Donatien Grau: What was your entry into the art world?
Marian Goodman: My entry into the art world was via my studies in art history and publishing a portfolio with works by American artists. I first tried to interest a museum in a publishing program that would offer editions of the finest quality by the most interesting artists of our time at affordable prices so that young art enthusiasts could afford it. When I realized it was impossible to do such a program through the museums, I started Multiples with some friends in 1965. I was very attracted by the spirit of that time — very serious, very idealistic — and in the end Multiples realized the project of my dreams. I was of course interested in the classical print media, but also in any experimental format that interested the artists. So there were diverse projects with Roy Lichtenstein, and over the years, many projects with Richard Artschwager, Sol LeWitt, Claes Oldenburg, James Rosenquist and Andy Warhol. We also did projects with a number of the Fluxus artists, Dan Graham, Bruce Nauman, Robert Rauschenberg, Ed Ruscha and Robert Smithson, to name a few. It was an exciting time to be publishing.
DG: You organized Marcel Broodthaers’s first exhibition in the United States.
MG: After encountering Broodthaers’ work in Europe, I met him at a Fluxus convention in Berlin in the early ’70s and we began to publish several editions together. I loved his work and couldn’t believe he had no New York gallery representation. There was little interest in European art in New York then. I thought if no one wished to represent him, I would love to. When he agreed, I opened a proper gallery to show his work. And so the gallery was launched with a beautiful show of his drawings and objects in the fall of 1977.
DG: From the beginning, you had connections in New York and Europe.
MG: After my 1968 trip to Documenta, I began publishing editions with Joseph Beuys, Marcel Broodthaers, Richard Hamilton, the Bechers, Ger van Elk and Jan Dibbets, as well as working with some Blinky Palermo editions. So that was the beginning of my education in European art. Through multiples, I already had the experience of working with some of the greatest American artists of our time. I would have loved to work with these artists when I started my gallery, but they already had representation by established galleries. After the gallery opened, I spent some time traveling to educate myself and identify artists I would love to represent. Eventually I came to represent the work of a number of artists associated with Arte Povera, such as Giovanni Anselmo, Giuseppe Penone and Giulio Paolini, who represented the best spirit of the ’60s with their attention to the dignity of basic or poor materials that gave such eloquent form and expression to their thoughts and ideas. In the end, artists from other countries also joined the gallery, including American artists John Baldessari, Dara Birnbaum, Dan Graham, Julie Mehretu and Lawrence Weiner.
DG: You also worked with German artists, such as Blinky Palermo and Anselm Kiefer.
MG: It was very clear to me that somehow Germany was able to “breed,” so to speak, some very important artists, and that there was a great vitality and creative spirit in the new Germany. I had always admired the generation that was active in moving Germany away from its dreadful past. It seemed to me that of all the nations in post-war Europe, it was the Germans who most honestly dealt with their history and tried to find a better path. I was able to work in one way or another with the best of them. I gave a show of Blinky Palermo’s works in 1984, one of his first shows in New York. I also showed Sigmar Polke in the same year. But I worked steadily throughout the ’80s to secure the representation of German artists; all of the German artists I represent joined the gallery during the decade.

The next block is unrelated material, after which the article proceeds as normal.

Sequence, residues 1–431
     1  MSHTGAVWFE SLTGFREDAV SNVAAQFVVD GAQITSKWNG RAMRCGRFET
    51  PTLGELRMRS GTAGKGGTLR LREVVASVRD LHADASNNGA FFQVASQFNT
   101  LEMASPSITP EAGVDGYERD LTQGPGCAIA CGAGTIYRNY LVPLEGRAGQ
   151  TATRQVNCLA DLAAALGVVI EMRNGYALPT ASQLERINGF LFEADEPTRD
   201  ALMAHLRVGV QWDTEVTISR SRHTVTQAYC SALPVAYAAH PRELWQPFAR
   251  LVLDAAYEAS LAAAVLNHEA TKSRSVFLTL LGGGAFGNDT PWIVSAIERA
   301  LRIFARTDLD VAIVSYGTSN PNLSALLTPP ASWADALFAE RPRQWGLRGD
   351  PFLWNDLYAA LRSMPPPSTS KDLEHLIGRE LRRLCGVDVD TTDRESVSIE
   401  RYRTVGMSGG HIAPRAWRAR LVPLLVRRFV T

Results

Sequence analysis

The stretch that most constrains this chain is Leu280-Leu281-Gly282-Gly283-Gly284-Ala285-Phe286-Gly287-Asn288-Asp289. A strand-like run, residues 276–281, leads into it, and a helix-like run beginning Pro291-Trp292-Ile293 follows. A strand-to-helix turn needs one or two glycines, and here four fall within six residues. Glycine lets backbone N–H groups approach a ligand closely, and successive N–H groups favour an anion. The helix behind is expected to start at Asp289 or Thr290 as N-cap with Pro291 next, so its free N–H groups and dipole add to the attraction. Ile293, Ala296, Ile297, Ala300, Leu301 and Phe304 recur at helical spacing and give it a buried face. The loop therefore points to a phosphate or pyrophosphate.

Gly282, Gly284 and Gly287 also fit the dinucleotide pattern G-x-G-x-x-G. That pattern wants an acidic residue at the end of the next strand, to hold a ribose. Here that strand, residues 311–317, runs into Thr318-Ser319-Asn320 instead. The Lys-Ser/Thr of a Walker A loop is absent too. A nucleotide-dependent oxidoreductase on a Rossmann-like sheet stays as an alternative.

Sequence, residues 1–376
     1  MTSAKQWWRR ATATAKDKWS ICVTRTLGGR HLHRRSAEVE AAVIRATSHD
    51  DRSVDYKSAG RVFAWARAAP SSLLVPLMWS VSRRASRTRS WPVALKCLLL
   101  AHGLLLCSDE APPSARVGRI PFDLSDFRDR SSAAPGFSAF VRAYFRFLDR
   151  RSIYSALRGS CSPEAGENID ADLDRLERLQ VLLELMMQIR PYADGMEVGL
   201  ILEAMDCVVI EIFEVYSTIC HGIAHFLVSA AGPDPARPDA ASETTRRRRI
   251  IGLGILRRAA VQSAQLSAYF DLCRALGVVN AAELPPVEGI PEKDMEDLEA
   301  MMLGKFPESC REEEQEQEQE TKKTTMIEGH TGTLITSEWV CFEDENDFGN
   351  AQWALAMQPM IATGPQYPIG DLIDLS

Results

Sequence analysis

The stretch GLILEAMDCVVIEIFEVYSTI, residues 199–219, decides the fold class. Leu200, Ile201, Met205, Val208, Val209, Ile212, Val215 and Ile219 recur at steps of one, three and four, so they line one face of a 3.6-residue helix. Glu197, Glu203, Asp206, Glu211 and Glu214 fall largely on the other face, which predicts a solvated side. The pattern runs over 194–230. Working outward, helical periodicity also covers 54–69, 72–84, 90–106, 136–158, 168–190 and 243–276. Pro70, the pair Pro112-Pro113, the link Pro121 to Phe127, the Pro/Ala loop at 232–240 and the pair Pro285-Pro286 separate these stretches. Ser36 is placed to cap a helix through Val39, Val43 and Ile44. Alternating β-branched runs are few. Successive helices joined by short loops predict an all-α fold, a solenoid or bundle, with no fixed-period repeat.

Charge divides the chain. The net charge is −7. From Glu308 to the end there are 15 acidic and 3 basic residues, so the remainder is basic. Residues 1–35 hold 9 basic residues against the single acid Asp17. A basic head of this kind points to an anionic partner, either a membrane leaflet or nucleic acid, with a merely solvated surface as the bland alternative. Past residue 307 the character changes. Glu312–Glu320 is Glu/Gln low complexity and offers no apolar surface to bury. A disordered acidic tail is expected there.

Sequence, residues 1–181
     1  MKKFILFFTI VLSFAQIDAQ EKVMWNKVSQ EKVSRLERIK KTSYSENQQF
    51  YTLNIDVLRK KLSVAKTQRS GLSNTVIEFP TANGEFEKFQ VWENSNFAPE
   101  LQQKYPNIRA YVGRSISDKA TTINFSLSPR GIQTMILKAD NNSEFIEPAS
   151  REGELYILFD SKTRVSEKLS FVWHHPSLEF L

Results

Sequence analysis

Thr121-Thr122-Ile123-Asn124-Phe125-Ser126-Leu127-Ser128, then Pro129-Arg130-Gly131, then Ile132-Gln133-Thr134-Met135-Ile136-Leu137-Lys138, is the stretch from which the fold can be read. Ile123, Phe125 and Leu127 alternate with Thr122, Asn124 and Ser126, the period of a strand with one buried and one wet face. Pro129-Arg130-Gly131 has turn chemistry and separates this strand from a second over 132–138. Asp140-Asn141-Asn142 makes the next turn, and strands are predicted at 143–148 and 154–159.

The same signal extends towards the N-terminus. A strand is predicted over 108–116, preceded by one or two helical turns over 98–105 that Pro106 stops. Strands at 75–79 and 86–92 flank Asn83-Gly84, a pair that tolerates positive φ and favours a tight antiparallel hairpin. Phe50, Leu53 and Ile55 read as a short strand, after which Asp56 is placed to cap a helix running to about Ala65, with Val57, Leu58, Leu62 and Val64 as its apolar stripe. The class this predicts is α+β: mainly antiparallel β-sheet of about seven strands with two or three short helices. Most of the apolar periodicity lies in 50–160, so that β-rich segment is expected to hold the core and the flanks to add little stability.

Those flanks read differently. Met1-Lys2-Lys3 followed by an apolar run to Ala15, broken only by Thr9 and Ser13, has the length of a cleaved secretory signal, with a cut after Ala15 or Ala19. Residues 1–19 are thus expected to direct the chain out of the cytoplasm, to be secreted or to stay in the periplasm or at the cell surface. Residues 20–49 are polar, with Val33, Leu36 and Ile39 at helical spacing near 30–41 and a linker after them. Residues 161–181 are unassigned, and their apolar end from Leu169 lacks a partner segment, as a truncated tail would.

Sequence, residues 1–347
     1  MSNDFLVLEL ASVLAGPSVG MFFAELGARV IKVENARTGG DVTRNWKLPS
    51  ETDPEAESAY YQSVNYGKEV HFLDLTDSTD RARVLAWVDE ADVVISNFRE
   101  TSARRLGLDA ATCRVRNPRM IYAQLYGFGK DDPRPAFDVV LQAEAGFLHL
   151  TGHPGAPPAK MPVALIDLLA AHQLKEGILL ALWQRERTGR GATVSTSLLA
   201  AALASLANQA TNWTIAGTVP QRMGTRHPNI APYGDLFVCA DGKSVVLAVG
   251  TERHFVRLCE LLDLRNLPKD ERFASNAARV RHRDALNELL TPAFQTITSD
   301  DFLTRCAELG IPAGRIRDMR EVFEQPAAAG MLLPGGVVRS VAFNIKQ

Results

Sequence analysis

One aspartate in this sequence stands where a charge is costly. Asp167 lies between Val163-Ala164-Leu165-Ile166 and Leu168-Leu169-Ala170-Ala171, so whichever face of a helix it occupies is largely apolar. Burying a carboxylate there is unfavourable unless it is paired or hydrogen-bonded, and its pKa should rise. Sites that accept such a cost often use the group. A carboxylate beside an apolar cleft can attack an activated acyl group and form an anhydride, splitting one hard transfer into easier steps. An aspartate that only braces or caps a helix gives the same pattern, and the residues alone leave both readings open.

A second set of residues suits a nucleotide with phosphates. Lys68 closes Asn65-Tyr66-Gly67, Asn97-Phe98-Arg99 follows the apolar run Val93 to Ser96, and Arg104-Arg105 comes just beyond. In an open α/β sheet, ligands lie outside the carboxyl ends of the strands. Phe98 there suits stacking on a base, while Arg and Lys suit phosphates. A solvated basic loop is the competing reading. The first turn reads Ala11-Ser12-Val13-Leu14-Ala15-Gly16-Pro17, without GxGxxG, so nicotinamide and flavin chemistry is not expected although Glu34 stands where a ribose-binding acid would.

DG: Your decisions to work with younger artists, such as Tino Sehgal or, more recently, Danh Vo, are also very important…
MG: People often tell me: “You should look at this artist or that artist.” I heard about Tino from one of the artists in the gallery and from a gallerist who had shown his work. I saw his work several times and met him as well. I was very interested, but felt I hadn’t yet found the right piece to introduce his work to a New York audience. Then I was invited to see a show that he had just opened at the MMK (Museum für Moderne Kunst) in Frankfurt. It was entitled This Situation, and I thought it was truly exciting — the art of conversation and dance. The piece was such an intellectual delight with such a high level of discourse that I thought it would be perfect for New York. With Danh Vo, I was impressed by the first few works shown in Europe and New York. He is able to express himself within a work that utilizes many media to explore his place within his own history and that of his world. As I look at the history of the gallery, the core group of ideas and artists was clearly established by the end of the ’80s. It was in the ’90s and 2000s that I realized a gallery must grow to enrich itself. During this period we added many new artists who reflected the changes of the past two decades. This gallery represents five generations of artists; each has made a unique creation to give voice to their innermost reflections and humanistic concerns about life. The last three-and-a-half decades have been a journey of discovery.
In this series of columns, Flash Art contributor Donatien Grau speaks to prominent gallerists and art world figures about the business of contemporary art.